I read an interesting article published in Nature Communications that described how zebrafish larvae need sleep to help fix damaged DNA that accumulates in their brains during the day. The researchers engineered zebrafish larvae to have fluorescent chromosomes in a single neuron, which allowed them to observe double-strand breaks in the DNA build-up during wakefulness. In contrast, chromosome activity necessary for repair increased when the animals were sleeping. If the researchers disrupted the animal’s sleep, there were more breaks in the DNA. On the other hand, promoting sleep by adding a sleeping aid to the water helped increase chromosome activity.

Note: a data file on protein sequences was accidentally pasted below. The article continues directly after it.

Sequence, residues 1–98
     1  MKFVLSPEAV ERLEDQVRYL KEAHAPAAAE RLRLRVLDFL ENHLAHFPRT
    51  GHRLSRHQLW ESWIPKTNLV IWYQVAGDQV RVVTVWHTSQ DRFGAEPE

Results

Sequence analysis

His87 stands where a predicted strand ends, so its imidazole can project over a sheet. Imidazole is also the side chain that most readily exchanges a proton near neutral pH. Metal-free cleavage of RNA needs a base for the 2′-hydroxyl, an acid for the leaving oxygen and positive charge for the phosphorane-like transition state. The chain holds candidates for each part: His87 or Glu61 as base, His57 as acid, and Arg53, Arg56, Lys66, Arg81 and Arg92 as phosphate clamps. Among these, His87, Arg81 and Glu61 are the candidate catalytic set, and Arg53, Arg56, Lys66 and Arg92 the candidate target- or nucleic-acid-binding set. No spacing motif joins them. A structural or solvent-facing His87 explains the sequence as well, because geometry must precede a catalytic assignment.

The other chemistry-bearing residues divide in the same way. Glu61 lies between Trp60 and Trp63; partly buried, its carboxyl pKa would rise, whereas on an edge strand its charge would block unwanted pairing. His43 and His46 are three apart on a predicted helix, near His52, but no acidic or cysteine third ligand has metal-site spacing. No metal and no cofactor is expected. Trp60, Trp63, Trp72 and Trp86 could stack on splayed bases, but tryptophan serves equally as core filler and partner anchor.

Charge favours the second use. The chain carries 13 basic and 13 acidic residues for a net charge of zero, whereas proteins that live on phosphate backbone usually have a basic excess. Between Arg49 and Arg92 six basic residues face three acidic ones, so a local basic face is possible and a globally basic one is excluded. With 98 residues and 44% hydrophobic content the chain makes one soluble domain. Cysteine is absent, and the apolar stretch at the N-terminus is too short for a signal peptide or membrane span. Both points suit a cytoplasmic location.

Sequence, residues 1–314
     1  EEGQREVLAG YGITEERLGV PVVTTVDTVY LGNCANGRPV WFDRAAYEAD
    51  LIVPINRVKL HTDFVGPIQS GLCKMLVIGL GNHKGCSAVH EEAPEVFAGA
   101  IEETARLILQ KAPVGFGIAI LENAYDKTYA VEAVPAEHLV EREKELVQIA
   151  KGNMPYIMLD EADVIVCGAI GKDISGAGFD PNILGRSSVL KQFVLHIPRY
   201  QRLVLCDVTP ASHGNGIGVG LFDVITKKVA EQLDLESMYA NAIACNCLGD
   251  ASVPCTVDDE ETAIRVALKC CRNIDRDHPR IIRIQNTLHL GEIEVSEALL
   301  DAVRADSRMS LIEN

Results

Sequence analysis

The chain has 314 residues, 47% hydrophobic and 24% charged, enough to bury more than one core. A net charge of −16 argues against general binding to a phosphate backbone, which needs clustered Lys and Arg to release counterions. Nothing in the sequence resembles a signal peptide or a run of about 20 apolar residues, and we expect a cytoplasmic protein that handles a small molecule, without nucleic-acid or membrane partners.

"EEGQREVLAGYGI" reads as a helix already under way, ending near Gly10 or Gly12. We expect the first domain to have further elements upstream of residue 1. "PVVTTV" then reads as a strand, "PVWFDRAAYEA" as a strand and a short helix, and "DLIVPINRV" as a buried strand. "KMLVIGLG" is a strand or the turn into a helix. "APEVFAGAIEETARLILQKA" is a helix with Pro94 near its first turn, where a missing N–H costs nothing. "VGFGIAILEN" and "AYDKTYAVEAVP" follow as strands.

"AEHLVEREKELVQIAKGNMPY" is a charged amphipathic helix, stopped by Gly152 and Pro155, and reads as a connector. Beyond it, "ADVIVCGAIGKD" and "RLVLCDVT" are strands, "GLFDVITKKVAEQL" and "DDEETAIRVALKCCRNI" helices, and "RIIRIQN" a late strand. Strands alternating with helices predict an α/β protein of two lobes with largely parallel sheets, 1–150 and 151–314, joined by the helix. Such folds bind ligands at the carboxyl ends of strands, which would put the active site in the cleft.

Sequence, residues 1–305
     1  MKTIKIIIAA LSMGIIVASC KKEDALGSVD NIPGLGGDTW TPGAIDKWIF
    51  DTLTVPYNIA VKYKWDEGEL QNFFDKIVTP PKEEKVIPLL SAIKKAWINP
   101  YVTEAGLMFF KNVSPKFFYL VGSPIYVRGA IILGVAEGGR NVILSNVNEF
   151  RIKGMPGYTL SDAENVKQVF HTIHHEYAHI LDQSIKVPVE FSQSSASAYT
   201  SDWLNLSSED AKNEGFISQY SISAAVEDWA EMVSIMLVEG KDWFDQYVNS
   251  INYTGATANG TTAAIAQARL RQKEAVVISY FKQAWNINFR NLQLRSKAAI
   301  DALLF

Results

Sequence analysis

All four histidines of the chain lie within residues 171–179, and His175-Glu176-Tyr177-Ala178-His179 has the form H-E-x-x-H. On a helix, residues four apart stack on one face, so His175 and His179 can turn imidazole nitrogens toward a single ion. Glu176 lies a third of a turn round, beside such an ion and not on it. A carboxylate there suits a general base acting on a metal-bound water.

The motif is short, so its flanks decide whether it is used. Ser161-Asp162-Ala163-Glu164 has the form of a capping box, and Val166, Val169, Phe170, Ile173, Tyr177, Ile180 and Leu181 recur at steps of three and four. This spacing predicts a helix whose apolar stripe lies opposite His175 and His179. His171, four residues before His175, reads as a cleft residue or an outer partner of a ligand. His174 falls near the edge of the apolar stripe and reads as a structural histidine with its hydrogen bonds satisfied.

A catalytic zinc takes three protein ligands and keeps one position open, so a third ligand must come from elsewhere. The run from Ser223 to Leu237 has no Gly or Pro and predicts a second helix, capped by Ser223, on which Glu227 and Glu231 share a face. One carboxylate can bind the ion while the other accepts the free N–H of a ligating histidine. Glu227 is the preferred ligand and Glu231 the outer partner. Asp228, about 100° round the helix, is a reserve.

This research suggests that sleep is important for repairing neuronal DNA whereas this repair process is less effective during wakefulness when the brain is active. The researchers speculate that sleep may have evolved to give the brain a way to repair damage that has accumulated during the day.
Zada D, Bronshtein I, Lerer-Goldshtein T, Garini Y, Appelbaum L. Sleep increases chromosome dynamics to enable reduction of accumulating DNA damage in single neurons. Nature Communications. 10: 895, 2019.
Categories: Comparative Physiology